Table of Contents:
Gen. G. B. McClellan, who has the reputation of being the ablest officer in the Federal Army, is a native of Philadelphia, and still comparatively a young man, having been born on the 3d of December, 1826, and graduated at West Point with the class of 1846. He served with distinction in the war with Mexico, and in 1855 was appointed a member of the Commission which went to the seat of war in the Crimea and in Northern Russia. The other members of the Commission were Col. Richard Delafield, now an officer of the Confederate Army, and Major Alfred Mordecal, of North Carolina, who some time ago resigned the Superintendency of the Troy Arsenal. A report, embodying the result of his observations in the Crimea, was made by McClellan, which added to his reputation as a scientific soldier. In January, 1857, he resigned his position in the army to become Vice-President and Engineer of the Illinois Central Railroad, which post he held for three years, when he accepted the Presidency of the Ohio and Mississippi Railroad, with the shug salary of $12,000 per annum. On the 14th of May last, Lincoln appointed him Major General, and he accepted the appointment upon the condition that his salary as President of the Railroad should not be stopped. Having made this judicious provision for Number One, he was placed in command of the Department of Ohio, which includes besides Illinois, Indiana and Ohio, that part of Virginia lying North of the Great Kanawha River and the Maryland line, with so much of Pennsylvania as lies West of a line drawn from the Maryland line to the Northwest corner of McKean county. Such are the principal interesting points of McClellan's history, as we condense them from an article in the Petersburg Express.--He is probably the ablest military man in the Northern Army. We know nothing of his character as a man that can raise him in public estimation. His bloodthirsty proclamation threatening to hang Southern guerillas, and the wilful lying of which he was convicted in his correspondence with Gen. Buckner, of Kentucky, proves that he is not a gentleman. His late success, gained by tremendous odds, and the villainy of the traitors in the West, will not add much to his laurels. We predict that when he emerges from that treacherous soil in Northwestern Virginia, which gives way beneath the footsteps of an honest man, and comes out upon true Virginia ground face to face, with a force of half his own number, the conceit will be taken out of him in the most summary manner.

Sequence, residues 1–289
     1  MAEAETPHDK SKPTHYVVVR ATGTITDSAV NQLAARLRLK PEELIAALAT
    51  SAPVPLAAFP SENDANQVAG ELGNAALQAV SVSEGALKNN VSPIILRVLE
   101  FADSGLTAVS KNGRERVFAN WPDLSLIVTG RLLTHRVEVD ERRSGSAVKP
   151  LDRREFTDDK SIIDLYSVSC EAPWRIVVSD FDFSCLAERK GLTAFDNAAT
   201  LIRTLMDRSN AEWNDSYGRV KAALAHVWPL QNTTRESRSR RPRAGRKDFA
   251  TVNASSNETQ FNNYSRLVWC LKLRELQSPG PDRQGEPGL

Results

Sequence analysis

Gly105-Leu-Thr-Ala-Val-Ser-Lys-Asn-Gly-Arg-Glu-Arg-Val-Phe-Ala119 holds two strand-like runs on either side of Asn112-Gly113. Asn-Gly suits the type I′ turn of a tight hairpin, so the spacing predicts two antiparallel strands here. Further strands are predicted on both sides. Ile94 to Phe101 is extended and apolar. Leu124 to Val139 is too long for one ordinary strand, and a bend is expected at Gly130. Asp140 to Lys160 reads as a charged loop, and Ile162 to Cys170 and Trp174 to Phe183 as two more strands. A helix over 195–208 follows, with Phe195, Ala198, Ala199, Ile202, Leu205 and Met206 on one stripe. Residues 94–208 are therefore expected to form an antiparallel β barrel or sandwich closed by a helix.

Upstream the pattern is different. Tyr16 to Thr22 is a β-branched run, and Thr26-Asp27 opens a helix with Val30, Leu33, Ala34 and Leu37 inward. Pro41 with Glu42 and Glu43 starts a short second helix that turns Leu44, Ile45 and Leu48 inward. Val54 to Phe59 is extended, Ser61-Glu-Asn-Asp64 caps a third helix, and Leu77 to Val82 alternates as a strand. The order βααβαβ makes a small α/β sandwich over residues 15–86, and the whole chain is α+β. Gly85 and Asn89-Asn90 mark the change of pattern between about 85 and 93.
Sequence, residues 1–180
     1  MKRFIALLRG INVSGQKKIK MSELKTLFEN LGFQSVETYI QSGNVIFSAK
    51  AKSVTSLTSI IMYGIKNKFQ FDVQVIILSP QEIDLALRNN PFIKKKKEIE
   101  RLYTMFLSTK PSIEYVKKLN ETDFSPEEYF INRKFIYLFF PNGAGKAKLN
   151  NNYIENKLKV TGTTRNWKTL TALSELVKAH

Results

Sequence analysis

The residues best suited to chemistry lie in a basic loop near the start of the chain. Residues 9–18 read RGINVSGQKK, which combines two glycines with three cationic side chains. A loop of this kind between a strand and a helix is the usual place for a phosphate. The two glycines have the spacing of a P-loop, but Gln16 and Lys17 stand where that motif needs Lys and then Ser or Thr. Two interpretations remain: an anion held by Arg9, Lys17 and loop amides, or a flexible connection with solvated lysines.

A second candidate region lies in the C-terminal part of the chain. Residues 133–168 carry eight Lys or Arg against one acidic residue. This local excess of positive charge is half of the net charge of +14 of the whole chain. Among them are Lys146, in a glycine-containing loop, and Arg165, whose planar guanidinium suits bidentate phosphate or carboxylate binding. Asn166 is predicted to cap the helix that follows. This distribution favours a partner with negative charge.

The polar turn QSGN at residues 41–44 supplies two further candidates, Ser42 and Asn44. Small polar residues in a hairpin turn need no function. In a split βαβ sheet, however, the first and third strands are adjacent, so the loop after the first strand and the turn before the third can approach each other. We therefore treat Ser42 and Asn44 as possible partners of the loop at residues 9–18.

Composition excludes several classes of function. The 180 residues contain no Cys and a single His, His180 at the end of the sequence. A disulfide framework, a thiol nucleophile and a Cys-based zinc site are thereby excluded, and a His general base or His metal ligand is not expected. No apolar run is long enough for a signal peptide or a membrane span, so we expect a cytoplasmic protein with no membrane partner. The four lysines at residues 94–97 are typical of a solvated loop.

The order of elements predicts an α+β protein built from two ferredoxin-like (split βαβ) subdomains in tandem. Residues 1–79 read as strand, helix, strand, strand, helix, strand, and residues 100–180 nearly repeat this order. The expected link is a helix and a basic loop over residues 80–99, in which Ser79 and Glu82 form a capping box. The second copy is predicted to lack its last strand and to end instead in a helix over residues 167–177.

This work is licensed under a Creative Commons Attribution-ShareAlike 3.0 United States License.
An XML version of this text is available for download, with the additional restriction that you offer Perseus any modifications you make. Perseus provides credit for all accepted changes, storing new additions in a versioning system.